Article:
The UK wheat harvest rebounded more than had been expected this year, official data showed, easing ideas of a squeeze on supplies which spurred calculations of the UK remaining a net importer of the grain.
The UK, the European Union's third-ranked wheat grower, raised wheat production by 5.4% this year to 15.16m tonnes, farm ministry Defra said.
The estimate, drawn from a farmer survey, came in above market expectations broadly centred on a range of 14.5m-15.0m tonnes, according to Agrimoney.com sources.
Industry group Coceral pegged the crop at 14.75m tonnes, while the International Grains Council has estimated the harvest at 13.9m tonnes.
The Defra figure implies a bigger rise in yield than had been expected, given that UK wheat sowings for the latest harvest are believed down by some 3%.
Harvest reports from the AHDB had estimated the British wheat harvest, which comprises the vast majority of UK output overall, at 7.9-8.1 tonnes per hectare - in line with a five-year average of 7.9 tonnes per hectare, which was also the 2016 result.
Indeed, the Defra harvest estimate points "to above-average UK yields", said AHDB senior analyst Helen Plant.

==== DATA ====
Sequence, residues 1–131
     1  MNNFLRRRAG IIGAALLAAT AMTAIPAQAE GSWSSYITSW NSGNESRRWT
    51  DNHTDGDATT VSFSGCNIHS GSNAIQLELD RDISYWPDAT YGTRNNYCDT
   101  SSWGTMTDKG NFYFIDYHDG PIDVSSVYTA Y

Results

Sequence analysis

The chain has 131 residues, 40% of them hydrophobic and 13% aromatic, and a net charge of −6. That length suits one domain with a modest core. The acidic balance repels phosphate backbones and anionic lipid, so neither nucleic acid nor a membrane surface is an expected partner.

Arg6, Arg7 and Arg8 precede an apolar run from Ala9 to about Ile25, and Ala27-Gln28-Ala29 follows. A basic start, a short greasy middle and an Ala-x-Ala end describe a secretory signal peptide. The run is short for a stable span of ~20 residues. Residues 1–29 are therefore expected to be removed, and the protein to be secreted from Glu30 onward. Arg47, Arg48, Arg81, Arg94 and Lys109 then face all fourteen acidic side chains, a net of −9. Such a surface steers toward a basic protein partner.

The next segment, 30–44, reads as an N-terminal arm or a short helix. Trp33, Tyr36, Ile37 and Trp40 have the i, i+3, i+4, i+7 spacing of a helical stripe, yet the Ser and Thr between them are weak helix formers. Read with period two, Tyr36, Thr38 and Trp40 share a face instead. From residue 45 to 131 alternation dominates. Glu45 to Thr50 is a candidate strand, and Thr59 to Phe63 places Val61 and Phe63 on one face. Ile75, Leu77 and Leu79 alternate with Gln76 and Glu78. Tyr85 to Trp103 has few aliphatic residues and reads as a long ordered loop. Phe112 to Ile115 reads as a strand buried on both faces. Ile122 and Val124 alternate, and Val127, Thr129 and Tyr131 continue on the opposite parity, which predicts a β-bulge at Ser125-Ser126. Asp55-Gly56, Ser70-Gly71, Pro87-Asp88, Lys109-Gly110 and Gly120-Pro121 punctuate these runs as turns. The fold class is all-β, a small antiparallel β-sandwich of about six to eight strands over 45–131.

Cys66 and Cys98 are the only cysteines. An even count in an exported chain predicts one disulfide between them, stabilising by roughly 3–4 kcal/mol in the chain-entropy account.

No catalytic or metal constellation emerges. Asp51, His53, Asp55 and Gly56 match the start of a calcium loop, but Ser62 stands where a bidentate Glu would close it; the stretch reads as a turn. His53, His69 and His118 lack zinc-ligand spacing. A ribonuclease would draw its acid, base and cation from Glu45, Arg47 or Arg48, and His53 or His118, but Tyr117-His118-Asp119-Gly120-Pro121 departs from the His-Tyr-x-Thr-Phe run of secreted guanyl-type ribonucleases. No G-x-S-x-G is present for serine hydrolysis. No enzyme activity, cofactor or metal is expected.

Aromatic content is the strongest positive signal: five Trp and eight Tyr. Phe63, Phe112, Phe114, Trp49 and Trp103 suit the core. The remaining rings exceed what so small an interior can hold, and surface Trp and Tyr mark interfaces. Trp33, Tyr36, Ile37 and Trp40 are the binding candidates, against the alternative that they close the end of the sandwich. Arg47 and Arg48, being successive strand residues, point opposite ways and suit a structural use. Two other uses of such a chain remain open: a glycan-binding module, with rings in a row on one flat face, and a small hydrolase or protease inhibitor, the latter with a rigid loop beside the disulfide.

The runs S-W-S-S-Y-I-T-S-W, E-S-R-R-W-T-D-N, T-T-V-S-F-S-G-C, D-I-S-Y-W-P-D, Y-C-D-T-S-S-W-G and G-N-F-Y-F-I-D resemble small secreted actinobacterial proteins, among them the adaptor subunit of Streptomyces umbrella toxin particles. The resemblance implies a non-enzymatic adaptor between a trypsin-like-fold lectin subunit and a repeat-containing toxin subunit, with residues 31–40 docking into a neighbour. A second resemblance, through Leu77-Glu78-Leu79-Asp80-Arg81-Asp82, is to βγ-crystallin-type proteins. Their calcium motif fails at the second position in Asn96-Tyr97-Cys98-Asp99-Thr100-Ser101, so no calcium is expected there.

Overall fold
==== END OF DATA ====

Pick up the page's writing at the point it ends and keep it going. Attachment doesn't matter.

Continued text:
Ms Plant added that the bigger-than-expected harvest production could also "help reduce the impact" on UK wheat supplies of lower carry-in stocks, which officials have estimated at 1.77m tonnes as of the start of 2017-18, a three-year low, and below an average of some 2.1m tonnes.
Indeed, with UK domestic demand for wheat being boosted by use by ethanol plants, many commentators have forecast the UK, one a sizeable wheat exporter, again being a net importer of the grain in 2017-18.
However, the impact on prices was limited, with London wheat futures for November easing by 0.5% to £143.00 a tonne – albeit a decline which took the contract back below its 100-day moving average, and came despite a 0.8% drop in the pound against the dollar, so boosting the competitiveness of sterling-denominated exports.
A UK-based trader told Agrimoney.com that the reaction to the data had been muted by the fact that the country was "not competing for exports anyway" at the moment.
"Farmers are not selling," he said, adding that "the market still feels tight - it feels tighter than you would expect with a 15.2m-tonne crop".
A bigger impact may be felt later on in the season, if market power turns, undermined perhaps by demand for imported corn, which is being incentivised by current price differentials.
Paris maize futures are priced at their biggest discount to London wheat futures since December 2015, the AHDB said earlier this week.
"It is in the last two quarters of the marketing year when we may feel the extra supplies," depending on the extent of exports that the UK needs to capture.
By Mike Verdin